W3C Members and non-Members alike.

"HTML started simply, with structured markup, no licensing  
requirements, and the ability to link to anything. More than  
anything, this simplicity and openness has led to its tremendous and  
continued success," explained Tim Berners-Lee, W3C director and  
inventor of HTML. "It's time to revisit the standard and see what we  
can do to meet the current community needs, and to do so effectively  
with commitments from browser manufacturers in a visible and open way."

The Evolution of HTML

After the publication of HTML 4, and following a 1998 Workshop, W3C  
set forth to turn HTML into an XML-based format, called XHTML, due to  
the benefits of XML formats. The first XHTML Recommendation was  
issued in early 2000. But due to the significant legacy of Web  
content that is some variant of HTML, traditional browser vendors  
moved slowly to adopt XHTML. This, in turn, has meant little  
motivation for content developers to adopt XHTML for the traditional  
desktop environment. Leaders in the Web developer and design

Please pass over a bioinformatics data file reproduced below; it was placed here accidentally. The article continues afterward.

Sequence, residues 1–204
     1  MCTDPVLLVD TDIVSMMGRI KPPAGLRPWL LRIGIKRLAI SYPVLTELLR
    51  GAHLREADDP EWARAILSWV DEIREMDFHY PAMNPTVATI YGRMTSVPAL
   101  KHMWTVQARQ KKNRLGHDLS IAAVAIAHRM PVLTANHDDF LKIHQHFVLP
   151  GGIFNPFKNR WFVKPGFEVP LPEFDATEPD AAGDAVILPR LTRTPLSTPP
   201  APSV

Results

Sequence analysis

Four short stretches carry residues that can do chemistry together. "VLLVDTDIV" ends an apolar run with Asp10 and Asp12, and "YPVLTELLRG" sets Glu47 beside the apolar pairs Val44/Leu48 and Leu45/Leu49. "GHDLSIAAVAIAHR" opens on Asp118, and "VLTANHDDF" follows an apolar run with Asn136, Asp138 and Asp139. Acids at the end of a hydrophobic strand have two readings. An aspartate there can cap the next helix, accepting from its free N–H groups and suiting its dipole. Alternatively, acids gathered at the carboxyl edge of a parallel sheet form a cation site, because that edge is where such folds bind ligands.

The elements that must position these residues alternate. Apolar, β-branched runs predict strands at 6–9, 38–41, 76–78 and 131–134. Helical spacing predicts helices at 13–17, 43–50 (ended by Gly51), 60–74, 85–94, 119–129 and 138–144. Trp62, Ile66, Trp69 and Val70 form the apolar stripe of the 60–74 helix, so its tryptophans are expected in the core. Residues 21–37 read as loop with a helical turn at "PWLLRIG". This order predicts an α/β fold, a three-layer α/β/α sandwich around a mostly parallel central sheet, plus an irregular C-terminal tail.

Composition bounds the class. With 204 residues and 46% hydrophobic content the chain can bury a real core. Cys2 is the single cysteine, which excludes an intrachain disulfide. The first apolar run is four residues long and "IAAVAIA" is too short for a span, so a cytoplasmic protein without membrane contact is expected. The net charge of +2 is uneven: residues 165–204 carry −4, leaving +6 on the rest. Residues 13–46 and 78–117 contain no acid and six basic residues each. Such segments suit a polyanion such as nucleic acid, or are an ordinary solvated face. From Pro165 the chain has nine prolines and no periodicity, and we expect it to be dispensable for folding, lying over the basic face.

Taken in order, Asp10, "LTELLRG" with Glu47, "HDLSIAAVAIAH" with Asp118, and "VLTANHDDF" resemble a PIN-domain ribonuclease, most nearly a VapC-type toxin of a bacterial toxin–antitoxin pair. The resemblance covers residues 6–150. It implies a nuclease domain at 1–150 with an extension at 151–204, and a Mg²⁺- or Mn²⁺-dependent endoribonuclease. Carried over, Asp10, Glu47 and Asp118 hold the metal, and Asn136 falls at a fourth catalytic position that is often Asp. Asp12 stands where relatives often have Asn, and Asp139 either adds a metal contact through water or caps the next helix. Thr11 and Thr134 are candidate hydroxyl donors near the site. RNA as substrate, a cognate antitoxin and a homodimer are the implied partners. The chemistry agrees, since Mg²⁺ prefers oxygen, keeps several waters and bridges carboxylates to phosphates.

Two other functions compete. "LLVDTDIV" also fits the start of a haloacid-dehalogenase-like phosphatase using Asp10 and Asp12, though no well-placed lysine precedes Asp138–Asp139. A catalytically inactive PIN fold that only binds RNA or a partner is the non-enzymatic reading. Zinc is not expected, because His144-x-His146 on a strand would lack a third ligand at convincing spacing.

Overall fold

communities therefore urged W3C to renew its commitment to HTML by  
adding new features (starting with the HTML 4 standard) in a manner  
that is consistent with community practice and backward compatible.   
W3C will help ensure interoperability by making robust test suites  
and validation services available to the community for future  
technologies.

W3C is pleased to relaunch work on HTML with strong support from its  
Members and more staff resources (including people and hardware). W3C  
has tailored the HTML Working Group Charter to enable active  
participation from browser vendors, applications designers, and  
content developers, whose joint participation is key to the success  
of the future HTML.

The Value of XHTML

XHTML has proved valuable in other markets, including the market for  
mobile devices, in enterprise applications, on the server-side, and  
in an increasing number of Web applications such as blogging  
software. For example, the Mobile Web Best Practices Working Group  
has included XHTML 1.0 Basic as a cornerstone of the Mobile Web Best